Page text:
The Reptiles: Turtles and Tortoises
Pet Turtles

How much is that turtle in the window?

Maybe not a lot in terms of price. But beware — keeping turtles as pets can be a complicated responsibility. Before you bring that shelled cutie home, be sure to do your homework, or you and the turtle may suffer.

Not all turtles make good pets for young children. Aquatic turtles, for instance, may need a spacious aquarium and specialized food to thrive. Some need special lights for basking, which keeps their shells strong. Land tortoises may need room to roam, or soft soil in which to dig. Every species has its special needs — and some live a long time, even dozens of years, so be prepared to be around for a while!

Some parents are particularly tempted to bring home a turtle for a child. But experts say they aren’t the greatest pets for little kids. They can be hard to handle and care for. And many can harbor Salmonella bacteria that can sicken — and even kill — kids that don’t wash their hands.

Owners can also pose a threat to their pets. Despite their tough shells, many turtles are susceptible to viruses or bacteria passed along by human hands. And the problem can grow if an owner decides to release a pet turtle into the wild, where it can spread the deadly germs to other turtles and wildlife.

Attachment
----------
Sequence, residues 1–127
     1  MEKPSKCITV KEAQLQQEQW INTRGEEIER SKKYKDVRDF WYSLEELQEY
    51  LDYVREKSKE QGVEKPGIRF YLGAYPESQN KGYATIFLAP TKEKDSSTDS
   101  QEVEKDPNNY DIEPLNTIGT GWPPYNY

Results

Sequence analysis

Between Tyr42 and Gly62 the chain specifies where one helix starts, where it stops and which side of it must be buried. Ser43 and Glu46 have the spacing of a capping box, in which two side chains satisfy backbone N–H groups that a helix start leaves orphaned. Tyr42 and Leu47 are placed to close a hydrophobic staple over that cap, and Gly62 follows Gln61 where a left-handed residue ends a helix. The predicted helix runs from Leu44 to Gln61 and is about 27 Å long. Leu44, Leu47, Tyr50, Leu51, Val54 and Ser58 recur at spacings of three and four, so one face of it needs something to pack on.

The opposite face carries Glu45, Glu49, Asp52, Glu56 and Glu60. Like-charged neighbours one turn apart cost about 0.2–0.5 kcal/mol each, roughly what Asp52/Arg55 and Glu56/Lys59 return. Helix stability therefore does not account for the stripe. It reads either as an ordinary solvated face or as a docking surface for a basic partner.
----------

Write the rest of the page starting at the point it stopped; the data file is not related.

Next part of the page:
The turtle trade can also hurt wild populations. Some popular species can’t be raised in captivity, so trappers go after wild turtles. As a result, some populations are teetering on the edge of extinction. Before you buy a turtle, check to make sure it isn’t an endangered species, or one that is illegal to buy or sell. And resist the temptation to take home the turtle you find in your backyard. It’s probably best left where it is, particularly since some turtles live their entire lives in carefully tended home territories.

If you must have a pet turtle, start with a hardy species that stays relatively small. Some examples are red-eared sliders, cooters, and mud and musk turtles. But some other species may better fit your needs. Research is key to finding a turtle that you can handle — and hold onto for its entire life.

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